Both Rules contain an exceptions to the rule against non-solicitation
described above. Both Rules contain an exception for persons who already have
a relationship with the soliciting attorney. In Connecticut, attorneys may contact
close friends, relatives, former clients or those person who the lawyer reasonably
believes is a client. Although the Model Rule is similar, it differs from Conn.
Both Rules contain provisions regarding situations where
contact is prohibited. Model Rule 7.3(b)
Conn. Rule 7.3(c)
and Model Rule 7.3 (c)
Conn. Rule 7.3(i) and Model Rule 7.3 (d) are identical. In general, the Rules provide, notwithstanding the prohibitions in subsection (a), lawyers may participate in pre-paid legal service plans that use in-person or telephone contact to solicit members from persons that are not known to need legal services.
The Model Code does not contain an analogous provision to Conn.
7.3:200 Prohibition of For-Profit In-Person Solicitation
In Cheverie v. Ashcraft & Gerel, 65 Conn.App. 425, 783 A.2d 474, (Conn.App. 2001), the court noted that Rule 7.3 Ëlimits attorneysÁ efforts to solicit legal business from nonclients.Ó
In Informal Opinion 91-18, the Committee opined that a lawyer violated Rule 7.3(a) by his conduct. Specifically, the lawyer learned of an accident through the media. Although the attorney had no previous connection with the accident victim or his family, the attorney obtained photographs of the accident and a copy of the police report. Armed with these materials, the attorney went to the hospital, where the accident victim was in intensive care, and convinced a relative of the accident victim that he could provide the best services. Thereafter, the relative signed an engagement letter. The Opinion held that the attorney violated Rule 7.3 because there was no relationship with the victim or his relative that would support in-person solicitation. Moreover, under the circumstances, the client was under a severe disability and unable to make choices about his selection of an attorney.
Informal Opinion 90-20 held that an attorney may permissibly contact a former client to recommend revisions to her will, notwithstanding the fact that the original will was not drafted by the attorney as long as the attorney complies with Rule 7.3. Informal Opinion 91-9 stands for a similar proposition, holding that a lawyer is under no obligation to notify a former client of a change in child support guidelines (the subject of his prior representation); however, solicitation of such a former client is not prohibited by Rule 7.3, provided all of the prescriptions of the Rule are followed.
In Informal Opinion 94-31, the Committee opined that a law firmÁs proposal to stamp or print its law firm name, address and telephone number on two places on a Connecticut Bar Association pamphlet (located near the CBA logo) would violate Rule 7.3(c). Specifically, the Opinion held that pursuant to Rule 7.3(c) Ëno reference shall be made in communication to the communication having any kind of approval from the Connecticut bar,Ó the law firm could not place its name on a pamphlet distributed by the CBA. But see, Informal Opinion 97-28 where the Committee held that lawyer advertising using CBA pamphlets on various areas of law was permissible under Rule 7.3. In that case, the law firm intended on sending the CBA pamphlets as well as other pamphlets as advertisements. The Opinion noted that it was the firmÁs obligation Ëto insure that the statements in [the firmÁs] advertising, coupled with the CBA pamphlets, are not misleading.Ó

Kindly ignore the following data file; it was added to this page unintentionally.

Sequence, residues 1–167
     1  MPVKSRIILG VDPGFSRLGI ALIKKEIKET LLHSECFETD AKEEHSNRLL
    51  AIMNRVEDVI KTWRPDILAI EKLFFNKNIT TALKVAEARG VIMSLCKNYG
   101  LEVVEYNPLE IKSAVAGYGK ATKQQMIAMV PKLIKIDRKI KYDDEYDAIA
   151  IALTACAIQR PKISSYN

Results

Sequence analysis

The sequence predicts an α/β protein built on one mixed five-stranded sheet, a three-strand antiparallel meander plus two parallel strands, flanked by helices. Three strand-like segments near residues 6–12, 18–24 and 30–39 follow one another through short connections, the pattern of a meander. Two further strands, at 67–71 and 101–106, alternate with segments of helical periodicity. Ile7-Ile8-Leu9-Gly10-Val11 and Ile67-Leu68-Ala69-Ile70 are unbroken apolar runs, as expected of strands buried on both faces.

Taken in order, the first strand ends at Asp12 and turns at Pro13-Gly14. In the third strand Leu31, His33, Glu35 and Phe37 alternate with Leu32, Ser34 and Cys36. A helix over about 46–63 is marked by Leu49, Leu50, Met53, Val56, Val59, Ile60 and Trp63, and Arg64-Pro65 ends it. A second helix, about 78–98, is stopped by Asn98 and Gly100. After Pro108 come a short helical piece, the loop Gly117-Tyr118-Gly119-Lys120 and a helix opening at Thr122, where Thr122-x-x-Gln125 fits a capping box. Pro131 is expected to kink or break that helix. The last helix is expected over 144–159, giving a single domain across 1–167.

Informal Opinion 97-39 held that the phrase ËTHIS IS A LEGAL ADVERTISEMENT FOR LEGAL SERVICESÓ contained in a written solicitation did not satisfy Rule 7.3(c)Ás requirements that the materials be labeled ËAdvertising MaterialsÓ and in red ink.
There appear to be no pertinent Connecticut court decisions or ethics opinions on this subject.
In Informal Opinion 00-25, the Committee opined that it is permissible for a lawyer to notify clients of his upcoming departure from his present employment. The Opinion noted that Rule 7.3(a) permits solicitation of a client if the lawyer reasonably believes that person to be his client. As the Opinion stated, Ë[b]ecause she has a present professional relationship with her current clients, a departing lawyer does not violate Model Rule 7.3(a) by notifying those clients that she is leaving for a new affiliation.Ó Informal Opinion 88-23 is in accord noting that there is not an ethical prohibition barring an attorney notifying former clients of his changed circumstances, as is Informal Opinion 97-14.
7.3:300 Regulation of Written and Recorded Solicitation
Informal Opinion 00-16 set forth the requirements for permissible solicitation of prospective clients, citing Rule 7.3(b) in toto.
Informal Opinion 96-15 noted that Rule 7.3(c does not apply to general announcements made to lawyers because they are not communications designed to solicit professional employment from a client in need of legal services. In this case, the inquiring law firm wished to send copies of a recent newspaper article regarding the firm and its business card to in-house counsel of various Connecticut corporations. The Opinion held that Rule 7.3 was inapplicable because the solicitations where directed to other attorneys; however, if directed to the president of the corporation, Rule 7.3 would apply.